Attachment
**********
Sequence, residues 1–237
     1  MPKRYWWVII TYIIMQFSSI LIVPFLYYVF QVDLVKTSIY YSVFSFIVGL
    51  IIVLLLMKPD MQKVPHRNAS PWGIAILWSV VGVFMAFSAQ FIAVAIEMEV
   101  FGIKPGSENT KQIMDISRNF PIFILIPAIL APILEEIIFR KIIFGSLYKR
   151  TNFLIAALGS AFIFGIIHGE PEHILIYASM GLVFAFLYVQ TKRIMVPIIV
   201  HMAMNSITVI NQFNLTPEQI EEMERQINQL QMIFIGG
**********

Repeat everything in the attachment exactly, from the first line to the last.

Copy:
Sequence, residues 1–237
     1  MPKRYWWVII TYIIMQFSSI LIVPFLYYVF QVDLVKTSIY YSVFSFIVGL
    51  IIVLLLMKPD MQKVPHRNAS PWGIAILWSV VGVFMAFSAQ FIAVAIEMEV
   101  FGIKPGSENT KQIMDISRNF PIFILIPAIL APILEEIIFR KIIFGSLYKR
   151  TNFLIAALGS AFIFGIIHGE PEHILIYASM GLVFAFLYVQ TKRIMVPIIV
   201  HMAMNSITVI NQFNLTPEQI EEMERQINQL QMIFIGG